Handcraft talent just sew sew
“When did you learn how to sew?” my mom asked curiously Tuesday night.
She held up The Ledger picture of Rustin Lippincott and me promoting the Northside Strippers Quilt Club quilting contest at the Octoberfest art walk.
“They’re just having some fun,” I said. “I’ll give it a shot. That’s about it.”
Judie Herzog stopped in The Ledger months ago and asked if I’d picked out some fabric for a quilt and try some sewing. The quilts would be donated to my, Rustin’s and Steve Smith’s group of choice. The art walk crowd will be able to make donations presumably based on the quality of our respective quilts. I don’t expect to be a frontrunner and told Judie not to expect much. She was all right with that.
My lack of handcraft skill is pretty well documented.
I’ve tried to re-attach buttons and belt loops and usually get my best results with a stapler.
Even in grade school, teachers didn’t have high regard for my talents. In elementary school art class, we made papier mache puppet heads and had to sew and attach a fabric body. The teacher made everyone thread a needle. A few of us took two or three classes to make that happen. The sewing part went just as badly. I think I received an “N” in art that year. An “N” meant, needs improvement.
My skills were just as bad in junior high industrial arts class.
Homer Kirchoff was a nice, old guy who took a lot of pride in making woodworkers out of young teenagers. He only had about eight-and-half fingers. There were stories about the missing ones, but no one really knew for sure. He had the right temperament to turn a class of students loose on a table saw.
The initial project was a birdhouse. After a couple of bad cuts, Mr. Kirchoff suggested I might be better suited to make a bowl on the lathe. To his credit, he made me feel special to do a bowl while everyone else made birdhouses. I had no clue about the real reason for the switch.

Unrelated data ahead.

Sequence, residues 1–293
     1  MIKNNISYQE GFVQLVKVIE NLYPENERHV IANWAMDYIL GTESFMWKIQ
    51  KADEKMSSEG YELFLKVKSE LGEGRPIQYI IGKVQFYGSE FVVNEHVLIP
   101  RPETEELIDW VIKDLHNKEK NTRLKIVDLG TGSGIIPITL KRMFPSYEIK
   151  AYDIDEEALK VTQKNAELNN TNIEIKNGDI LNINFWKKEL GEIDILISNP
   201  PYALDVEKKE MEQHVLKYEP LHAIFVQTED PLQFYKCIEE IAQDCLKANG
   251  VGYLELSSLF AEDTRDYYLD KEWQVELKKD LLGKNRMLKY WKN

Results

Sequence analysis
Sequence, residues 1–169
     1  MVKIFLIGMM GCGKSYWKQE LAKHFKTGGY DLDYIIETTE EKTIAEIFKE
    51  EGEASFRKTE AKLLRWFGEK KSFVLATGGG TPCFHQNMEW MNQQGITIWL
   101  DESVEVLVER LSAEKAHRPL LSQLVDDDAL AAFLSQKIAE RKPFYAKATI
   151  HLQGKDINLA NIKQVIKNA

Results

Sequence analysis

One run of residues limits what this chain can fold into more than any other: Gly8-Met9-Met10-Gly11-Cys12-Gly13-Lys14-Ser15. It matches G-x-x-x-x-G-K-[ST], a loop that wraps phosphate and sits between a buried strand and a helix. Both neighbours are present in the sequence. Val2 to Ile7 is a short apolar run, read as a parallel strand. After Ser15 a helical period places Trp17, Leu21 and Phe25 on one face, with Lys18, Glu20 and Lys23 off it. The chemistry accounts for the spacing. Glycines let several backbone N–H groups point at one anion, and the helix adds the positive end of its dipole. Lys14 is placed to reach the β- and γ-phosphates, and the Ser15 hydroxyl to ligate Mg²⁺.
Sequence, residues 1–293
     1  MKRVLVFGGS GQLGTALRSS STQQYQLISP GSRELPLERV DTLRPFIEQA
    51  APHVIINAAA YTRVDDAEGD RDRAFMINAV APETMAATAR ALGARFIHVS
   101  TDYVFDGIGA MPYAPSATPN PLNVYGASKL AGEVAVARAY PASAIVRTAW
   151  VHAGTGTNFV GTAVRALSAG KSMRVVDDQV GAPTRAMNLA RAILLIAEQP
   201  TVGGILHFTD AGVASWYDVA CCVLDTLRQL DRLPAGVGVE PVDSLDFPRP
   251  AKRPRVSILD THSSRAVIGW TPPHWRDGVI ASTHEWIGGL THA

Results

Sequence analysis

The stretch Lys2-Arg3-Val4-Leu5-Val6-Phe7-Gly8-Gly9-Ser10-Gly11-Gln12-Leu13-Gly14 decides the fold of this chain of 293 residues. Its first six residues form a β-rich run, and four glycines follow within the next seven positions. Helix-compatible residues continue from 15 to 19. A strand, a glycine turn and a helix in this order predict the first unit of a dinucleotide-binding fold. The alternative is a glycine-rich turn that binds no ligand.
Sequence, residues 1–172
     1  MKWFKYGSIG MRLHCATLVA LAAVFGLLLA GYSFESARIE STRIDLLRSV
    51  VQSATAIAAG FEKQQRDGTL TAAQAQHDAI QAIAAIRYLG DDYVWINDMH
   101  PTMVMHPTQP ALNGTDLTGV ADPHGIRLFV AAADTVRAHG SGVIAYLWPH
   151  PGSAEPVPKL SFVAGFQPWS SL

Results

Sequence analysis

The project went pretty well. I took a few chunks out of the bottom with a lathe tool, but those were fixed nicely with some plastic wood filler. I still have that bowl on the top of my dresser. I believed Mr. Kirchoff when he said I did a good job. I think I got a C in the class, but still get a swell of pride looking at the bowl’s smooth finish.
In eighth grade I wrote a story about Mr. Kirchoff for the school newspaper. I’m not sure he remembered who I was. When I told him about the bowl it seemed to spur his memory. Some of the kids made fun of him, but he thanked me for the nice story. I’d like to remember that he said something good about a promising journalism career, but I don’t think he did.
My older brother spent many of his early working years as a carpenter. My younger brother is a good, home improvement project guy. I relined a shower stall with a fake ceramic tile particle board about 25 years ago.
I probably should thank Judie Herzog for giving me a confidence boost with her quilting offer. I’ll give it my best and hope that’s worth a passing grade.
Jeff Wilson is publisher of The Fairfield Ledger.